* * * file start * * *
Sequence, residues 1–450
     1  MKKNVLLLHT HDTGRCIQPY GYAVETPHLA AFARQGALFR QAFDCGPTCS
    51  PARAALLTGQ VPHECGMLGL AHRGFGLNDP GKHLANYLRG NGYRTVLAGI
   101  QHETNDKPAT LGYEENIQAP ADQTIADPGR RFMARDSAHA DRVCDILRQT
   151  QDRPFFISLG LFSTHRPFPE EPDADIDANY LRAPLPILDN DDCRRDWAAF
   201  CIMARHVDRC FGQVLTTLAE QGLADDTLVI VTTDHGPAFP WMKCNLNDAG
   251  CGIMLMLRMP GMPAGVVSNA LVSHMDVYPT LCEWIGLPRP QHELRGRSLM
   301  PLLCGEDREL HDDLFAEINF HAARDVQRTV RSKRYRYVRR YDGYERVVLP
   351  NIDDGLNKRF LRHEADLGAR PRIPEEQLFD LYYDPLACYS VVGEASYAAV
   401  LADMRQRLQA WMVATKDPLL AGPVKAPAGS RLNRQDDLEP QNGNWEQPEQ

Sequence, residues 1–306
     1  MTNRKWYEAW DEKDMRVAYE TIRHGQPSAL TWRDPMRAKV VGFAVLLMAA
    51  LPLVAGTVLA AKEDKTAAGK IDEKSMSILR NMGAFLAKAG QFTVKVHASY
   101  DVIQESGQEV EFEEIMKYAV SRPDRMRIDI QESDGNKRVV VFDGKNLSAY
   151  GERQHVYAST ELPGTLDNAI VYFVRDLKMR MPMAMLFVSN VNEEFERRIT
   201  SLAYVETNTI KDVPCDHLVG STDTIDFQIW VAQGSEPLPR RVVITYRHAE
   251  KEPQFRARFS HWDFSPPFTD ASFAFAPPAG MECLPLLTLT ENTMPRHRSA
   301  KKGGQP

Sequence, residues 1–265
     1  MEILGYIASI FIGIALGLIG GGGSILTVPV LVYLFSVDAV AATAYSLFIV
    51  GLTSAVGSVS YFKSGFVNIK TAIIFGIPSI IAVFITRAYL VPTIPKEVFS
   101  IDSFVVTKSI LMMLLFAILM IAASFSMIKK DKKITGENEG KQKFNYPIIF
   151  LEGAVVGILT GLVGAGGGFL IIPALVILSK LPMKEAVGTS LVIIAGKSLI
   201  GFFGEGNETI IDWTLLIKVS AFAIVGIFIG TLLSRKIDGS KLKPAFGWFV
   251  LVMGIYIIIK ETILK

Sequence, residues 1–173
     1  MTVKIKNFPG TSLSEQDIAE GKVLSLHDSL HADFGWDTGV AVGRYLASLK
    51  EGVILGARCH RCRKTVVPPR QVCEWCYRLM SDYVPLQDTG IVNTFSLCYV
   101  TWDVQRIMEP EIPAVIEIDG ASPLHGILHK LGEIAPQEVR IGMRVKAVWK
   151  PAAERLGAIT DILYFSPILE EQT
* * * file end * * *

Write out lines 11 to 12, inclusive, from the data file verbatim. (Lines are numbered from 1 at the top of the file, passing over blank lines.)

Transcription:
Sequence, residues 1–306
     1  MTNRKWYEAW DEKDMRVAYE TIRHGQPSAL TWRDPMRAKV VGFAVLLMAA